Alfredo Sánchez Sansano, 29, was hoping for a respite from a life spent all day every day indoors when he bought an opera ticket in August 2014.
Sánchez, who suffers from muscular dystrophy, a condition marked by the progressive weakening and wasting away of the muscles, is confined to a bed and has to use a respirator to help him breathe, but he doesn't let that get in the way of enjoying the same pursuits as many young Spaniards, he enjoys browsing Facebook and listening to music, especially opera.
He was hoping to fulfil a lifelong dream and see a live opera, but his hopes were dashed when the ADDA theatre - the Auditorio de la Diputación de Alicante - refused to let him in, despite the fact he had called "months in advance" to check that he would be able to attend.
The ADDA "violated Alfredo Sánchez Sansano's fundamental rights of equality and anti-discrimination," the presiding judge said on Monday.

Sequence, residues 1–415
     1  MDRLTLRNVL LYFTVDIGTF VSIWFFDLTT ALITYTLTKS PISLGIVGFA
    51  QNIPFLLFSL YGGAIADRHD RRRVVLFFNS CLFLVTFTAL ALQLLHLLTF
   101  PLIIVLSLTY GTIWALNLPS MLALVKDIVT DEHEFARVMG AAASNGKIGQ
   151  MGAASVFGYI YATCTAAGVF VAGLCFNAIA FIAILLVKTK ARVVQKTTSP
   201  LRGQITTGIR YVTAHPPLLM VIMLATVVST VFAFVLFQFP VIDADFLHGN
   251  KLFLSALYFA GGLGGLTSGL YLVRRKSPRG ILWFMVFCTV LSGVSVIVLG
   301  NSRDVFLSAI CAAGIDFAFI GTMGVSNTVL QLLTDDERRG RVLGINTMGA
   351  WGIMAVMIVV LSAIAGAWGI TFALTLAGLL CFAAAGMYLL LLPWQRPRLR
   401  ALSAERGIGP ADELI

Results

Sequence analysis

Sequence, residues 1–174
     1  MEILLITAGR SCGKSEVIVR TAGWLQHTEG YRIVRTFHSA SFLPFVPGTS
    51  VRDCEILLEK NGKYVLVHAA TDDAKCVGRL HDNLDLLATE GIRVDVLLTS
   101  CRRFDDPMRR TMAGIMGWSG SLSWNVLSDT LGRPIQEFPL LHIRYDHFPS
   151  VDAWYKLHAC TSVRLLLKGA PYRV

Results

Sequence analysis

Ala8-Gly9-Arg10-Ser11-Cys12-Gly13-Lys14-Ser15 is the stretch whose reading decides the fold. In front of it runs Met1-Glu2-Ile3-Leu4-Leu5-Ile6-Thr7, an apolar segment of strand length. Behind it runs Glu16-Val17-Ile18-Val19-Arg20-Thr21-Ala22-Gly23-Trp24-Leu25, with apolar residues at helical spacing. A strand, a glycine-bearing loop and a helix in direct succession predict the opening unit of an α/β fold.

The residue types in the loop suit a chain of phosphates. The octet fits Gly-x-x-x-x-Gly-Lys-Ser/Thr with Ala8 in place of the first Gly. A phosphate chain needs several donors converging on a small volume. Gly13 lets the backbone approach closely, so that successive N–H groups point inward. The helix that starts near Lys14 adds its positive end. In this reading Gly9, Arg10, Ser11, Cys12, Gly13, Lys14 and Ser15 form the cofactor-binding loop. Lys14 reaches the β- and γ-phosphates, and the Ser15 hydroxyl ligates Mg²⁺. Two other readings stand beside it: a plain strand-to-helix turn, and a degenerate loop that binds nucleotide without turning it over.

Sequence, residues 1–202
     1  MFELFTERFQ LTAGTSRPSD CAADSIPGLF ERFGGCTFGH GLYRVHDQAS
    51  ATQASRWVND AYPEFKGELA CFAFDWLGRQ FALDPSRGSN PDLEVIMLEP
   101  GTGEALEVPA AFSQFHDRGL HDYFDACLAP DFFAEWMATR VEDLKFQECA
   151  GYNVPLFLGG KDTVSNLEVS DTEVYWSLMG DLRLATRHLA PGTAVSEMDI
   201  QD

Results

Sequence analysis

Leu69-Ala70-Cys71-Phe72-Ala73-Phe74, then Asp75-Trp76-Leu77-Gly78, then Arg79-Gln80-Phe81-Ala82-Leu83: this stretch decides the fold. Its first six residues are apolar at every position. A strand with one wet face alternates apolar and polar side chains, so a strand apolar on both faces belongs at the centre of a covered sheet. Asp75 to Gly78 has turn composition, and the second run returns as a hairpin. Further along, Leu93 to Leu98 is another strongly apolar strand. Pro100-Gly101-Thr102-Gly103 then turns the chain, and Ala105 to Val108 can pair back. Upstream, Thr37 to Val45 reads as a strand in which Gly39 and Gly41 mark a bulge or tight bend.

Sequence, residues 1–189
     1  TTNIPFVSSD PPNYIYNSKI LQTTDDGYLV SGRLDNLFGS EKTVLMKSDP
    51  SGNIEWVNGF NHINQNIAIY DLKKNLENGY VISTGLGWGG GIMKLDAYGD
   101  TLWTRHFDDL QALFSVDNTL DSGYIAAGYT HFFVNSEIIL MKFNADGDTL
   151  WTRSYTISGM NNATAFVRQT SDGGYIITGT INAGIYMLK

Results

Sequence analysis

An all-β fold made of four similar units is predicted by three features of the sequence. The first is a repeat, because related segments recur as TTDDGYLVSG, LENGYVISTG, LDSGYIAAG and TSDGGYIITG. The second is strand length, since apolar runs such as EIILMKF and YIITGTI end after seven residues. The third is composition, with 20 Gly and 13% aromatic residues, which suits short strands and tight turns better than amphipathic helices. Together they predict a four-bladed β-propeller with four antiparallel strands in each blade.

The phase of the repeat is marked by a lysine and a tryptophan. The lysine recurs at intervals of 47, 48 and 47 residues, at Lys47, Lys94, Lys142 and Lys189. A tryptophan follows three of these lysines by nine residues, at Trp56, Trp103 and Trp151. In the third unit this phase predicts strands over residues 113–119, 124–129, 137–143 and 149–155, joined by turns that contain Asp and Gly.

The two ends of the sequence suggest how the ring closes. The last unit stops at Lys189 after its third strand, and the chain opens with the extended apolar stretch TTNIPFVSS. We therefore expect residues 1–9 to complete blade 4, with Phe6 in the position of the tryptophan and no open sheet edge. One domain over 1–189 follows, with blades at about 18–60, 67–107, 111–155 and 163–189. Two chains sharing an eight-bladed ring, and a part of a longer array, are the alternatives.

The theatre made no effort to find an alternative solution and demonstrated "an absolute failure of diligence" the judge added.
El juez da la razón al discapacitado vetado en el auditorio de Alicante http://t.co/VhehYNbYsR— Xavi Pérez (@curtycor) September 8, 2015
It has been ordered to pay the young Spaniard €30,000 ($33,550) for the "emotional damage" caused by not allowing him to enter the theatre.
Sánchez had been personally invited to the opera Oh, my son! by its composer, Marcos Galvany and arrived with his parents in a specially adapted vehicle.
The theatre originally offered Sánchez tickets for the next day's showing, but subsequently changed its mind and told him he would be unable to attend "for security reasons".
Sánchez's family is delighted at the court ruling. "It recognizes the right of my son, just like any other person, to visit any public space he wishes," his father, José María, told Spanish daily El Mundo.
But the celebration is tinged with sadness, as several friends – including the opera's composer - have not supported the family's year-long struggle in suing the theatre: "it has been a very hard year," José María said.
For José María, the outcome is proof that, despite his disability, which renders him 84 percent handicapped, his son should be treated just like any other young man.
"Alfredo is just as alive as any other person and the only thing he wants is to be able to do normal things within his limitations," he said.